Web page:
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PLoS One. 2014 Apr 11;9(4):e94230. doi: 10.1371/journal.pone.0094230. eCollection 2014.

Long-term effects of liming on health and growth of a Masson pine stand damaged by soil acidification in Chongqing, China.

Author information

1
College of Agriculture, Henan University of Science and Technology, Luoyang, China; Institute of Forest Ecology, Environment and Protection, Chinese Academy of Forestry, Beijing, China.
2
Institute of Forest Ecology, Environment and Protection, Chinese Academy of Forestry, Beijing, China.
3
University of Chinese Academy of Sciences, Beijing, China.
4
Institute of Desertification Studies, Chinese Academy of Forestry, Beijing, China.
5
Hebei University, Baoding, China.
6
College of Agriculture, Henan University of Science and Technology, Luoyang, China.

Abstract

In the last decades, the Masson pine (Pinus massoniana) forests in Chongqing, southwest China, have increasingly declined. Soil acidification was believed to be an important cause. Liming is widely used as a measure to alleviate soil acidification and its damage to trees, but little is known about long-term effects of liming on the health and growth of declining Masson pine forests. Soil chemical properties, health condition (defoliation and discoloration), and growth were evaluated following application of limestone powder (0 (unlimed control), 1, 2, 3, and 4 t ha(-1)) in an acidified and declining Masson pine stand at Tieshanping (TSP) of Chongqing. Eight years after liming, in the 0-20 cm and 20-40 cm mineral soil layers, soil pH values, exchangeable calcium (Ca) contents, and Ca/Al molar ratios increased, but exchangeable aluminum (Al) levels decreased, and as a result, length densities of living fine roots of Masson pine increased, with increasing dose. Mean crown defoliation of Masson pines (dominant, codominant and subdominant pines, according to Kraft classes 1-3) decreased with increasing dose, and it linearly decreased with length densities of living fine roots. However, Masson pines (Kraft classes 1-3) in all treatments showed no symptoms of discoloration. Mean current-year twig length, twig dry weight, needle number per twig, needle length per twig, and needle dry weight per twig increased with increasing dose. Over 8 years, mean height increment of Masson pines (Kraft classes 1-3) increased from 5.5 m in the control to 5.8, 6.9, 8.3, and 9.5 m in the 1, 2, 3, and 4 t ha(-1) lime treatments, and their mean DBH (diameter at breast height) increment increased from 3.1 to 3.2, 3.8, 4.9, and 6.2 cm, respectively. The values of all aboveground growth parameters linearly increased with length densities of living fine roots. Our results show that liming improved tree health and growth, and these effects increased with increasing dose.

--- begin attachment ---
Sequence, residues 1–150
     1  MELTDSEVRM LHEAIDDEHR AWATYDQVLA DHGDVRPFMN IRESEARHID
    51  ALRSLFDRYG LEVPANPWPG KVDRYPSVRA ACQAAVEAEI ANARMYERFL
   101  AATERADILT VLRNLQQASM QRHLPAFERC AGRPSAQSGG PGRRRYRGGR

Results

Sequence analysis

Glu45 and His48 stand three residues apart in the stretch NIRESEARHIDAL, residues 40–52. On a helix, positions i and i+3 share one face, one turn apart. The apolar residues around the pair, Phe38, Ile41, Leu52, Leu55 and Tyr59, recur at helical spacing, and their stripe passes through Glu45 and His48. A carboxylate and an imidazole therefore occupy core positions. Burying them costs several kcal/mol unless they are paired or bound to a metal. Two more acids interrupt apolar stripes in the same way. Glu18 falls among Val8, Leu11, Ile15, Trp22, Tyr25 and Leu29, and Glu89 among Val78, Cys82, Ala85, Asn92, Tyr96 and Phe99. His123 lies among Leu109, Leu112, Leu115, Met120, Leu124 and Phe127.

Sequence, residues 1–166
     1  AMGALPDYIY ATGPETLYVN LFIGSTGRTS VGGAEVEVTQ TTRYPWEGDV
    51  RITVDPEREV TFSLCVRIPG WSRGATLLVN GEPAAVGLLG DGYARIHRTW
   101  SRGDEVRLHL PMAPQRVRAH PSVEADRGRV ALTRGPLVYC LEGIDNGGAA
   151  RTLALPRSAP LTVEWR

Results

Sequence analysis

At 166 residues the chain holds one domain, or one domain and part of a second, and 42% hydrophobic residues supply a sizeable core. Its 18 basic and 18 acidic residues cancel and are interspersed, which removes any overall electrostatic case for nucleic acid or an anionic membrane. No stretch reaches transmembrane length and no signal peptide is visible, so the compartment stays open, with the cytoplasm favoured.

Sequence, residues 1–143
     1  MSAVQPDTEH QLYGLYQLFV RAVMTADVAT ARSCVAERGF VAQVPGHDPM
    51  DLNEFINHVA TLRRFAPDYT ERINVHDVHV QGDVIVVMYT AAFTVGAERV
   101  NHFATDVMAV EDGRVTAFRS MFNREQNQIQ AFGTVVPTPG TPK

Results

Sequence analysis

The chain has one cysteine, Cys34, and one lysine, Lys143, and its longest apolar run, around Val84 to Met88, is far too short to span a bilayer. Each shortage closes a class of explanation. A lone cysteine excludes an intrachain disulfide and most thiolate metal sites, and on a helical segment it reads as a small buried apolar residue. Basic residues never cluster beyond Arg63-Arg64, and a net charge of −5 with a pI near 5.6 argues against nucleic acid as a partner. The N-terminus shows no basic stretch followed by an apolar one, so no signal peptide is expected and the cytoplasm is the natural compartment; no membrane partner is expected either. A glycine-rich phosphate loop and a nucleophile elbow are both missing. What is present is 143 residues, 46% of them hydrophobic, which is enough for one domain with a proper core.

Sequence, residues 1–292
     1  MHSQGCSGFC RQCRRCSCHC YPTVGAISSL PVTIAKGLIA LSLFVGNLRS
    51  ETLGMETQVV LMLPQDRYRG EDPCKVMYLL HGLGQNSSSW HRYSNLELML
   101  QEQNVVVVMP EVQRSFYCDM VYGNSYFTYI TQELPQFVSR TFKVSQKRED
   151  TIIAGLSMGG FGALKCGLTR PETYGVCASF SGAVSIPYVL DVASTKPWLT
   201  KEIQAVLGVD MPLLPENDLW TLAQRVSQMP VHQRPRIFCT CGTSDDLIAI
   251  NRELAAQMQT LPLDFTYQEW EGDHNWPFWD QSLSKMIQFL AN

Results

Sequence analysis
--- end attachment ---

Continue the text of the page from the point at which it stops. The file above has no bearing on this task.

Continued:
PMID:
24728089
PMCID:
PMC3984123
DOI:
10.1371/journal.pone.0094230
[Indexed for MEDLINE]
Free PMC Article

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